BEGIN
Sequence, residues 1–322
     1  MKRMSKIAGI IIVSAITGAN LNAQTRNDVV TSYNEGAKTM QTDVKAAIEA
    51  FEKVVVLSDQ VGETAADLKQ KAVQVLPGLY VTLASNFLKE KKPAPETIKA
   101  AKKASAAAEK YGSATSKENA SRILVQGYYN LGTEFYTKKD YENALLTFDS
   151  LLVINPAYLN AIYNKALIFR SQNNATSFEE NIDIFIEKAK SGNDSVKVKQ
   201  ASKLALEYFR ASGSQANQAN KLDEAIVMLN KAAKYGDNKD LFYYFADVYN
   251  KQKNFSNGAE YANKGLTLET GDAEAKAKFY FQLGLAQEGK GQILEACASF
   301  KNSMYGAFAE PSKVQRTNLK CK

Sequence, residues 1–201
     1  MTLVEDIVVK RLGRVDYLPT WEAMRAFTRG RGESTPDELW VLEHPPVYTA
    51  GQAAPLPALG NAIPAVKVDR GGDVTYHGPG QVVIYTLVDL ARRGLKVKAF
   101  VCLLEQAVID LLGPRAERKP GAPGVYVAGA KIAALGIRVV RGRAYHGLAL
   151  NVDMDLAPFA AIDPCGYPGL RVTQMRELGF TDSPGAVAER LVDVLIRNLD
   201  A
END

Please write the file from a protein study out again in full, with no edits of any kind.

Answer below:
Sequence, residues 1–322
     1  MKRMSKIAGI IIVSAITGAN LNAQTRNDVV TSYNEGAKTM QTDVKAAIEA
    51  FEKVVVLSDQ VGETAADLKQ KAVQVLPGLY VTLASNFLKE KKPAPETIKA
   101  AKKASAAAEK YGSATSKENA SRILVQGYYN LGTEFYTKKD YENALLTFDS
   151  LLVINPAYLN AIYNKALIFR SQNNATSFEE NIDIFIEKAK SGNDSVKVKQ
   201  ASKLALEYFR ASGSQANQAN KLDEAIVMLN KAAKYGDNKD LFYYFADVYN
   251  KQKNFSNGAE YANKGLTLET GDAEAKAKFY FQLGLAQEGK GQILEACASF
   301  KNSMYGAFAE PSKVQRTNLK CK

Sequence, residues 1–201
     1  MTLVEDIVVK RLGRVDYLPT WEAMRAFTRG RGESTPDELW VLEHPPVYTA
    51  GQAAPLPALG NAIPAVKVDR GGDVTYHGPG QVVIYTLVDL ARRGLKVKAF
   101  VCLLEQAVID LLGPRAERKP GAPGVYVAGA KIAALGIRVV RGRAYHGLAL
   151  NVDMDLAPFA AIDPCGYPGL RVTQMRELGF TDSPGAVAER LVDVLIRNLD
   201  A